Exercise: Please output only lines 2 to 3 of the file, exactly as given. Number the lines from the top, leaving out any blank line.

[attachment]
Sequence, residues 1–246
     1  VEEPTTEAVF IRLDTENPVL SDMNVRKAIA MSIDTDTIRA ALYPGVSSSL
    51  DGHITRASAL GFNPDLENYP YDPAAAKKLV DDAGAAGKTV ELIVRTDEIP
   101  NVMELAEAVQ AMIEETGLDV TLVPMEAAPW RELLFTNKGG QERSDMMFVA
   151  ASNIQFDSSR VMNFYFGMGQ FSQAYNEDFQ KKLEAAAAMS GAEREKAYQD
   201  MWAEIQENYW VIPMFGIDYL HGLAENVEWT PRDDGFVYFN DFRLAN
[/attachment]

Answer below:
     1  VEEPTTEAVF IRLDTENPVL SDMNVRKAIA MSIDTDTIRA ALYPGVSSSL
    51  DGHITRASAL GFNPDLENYP YDPAAAKKLV DDAGAAGKTV ELIVRTDEIP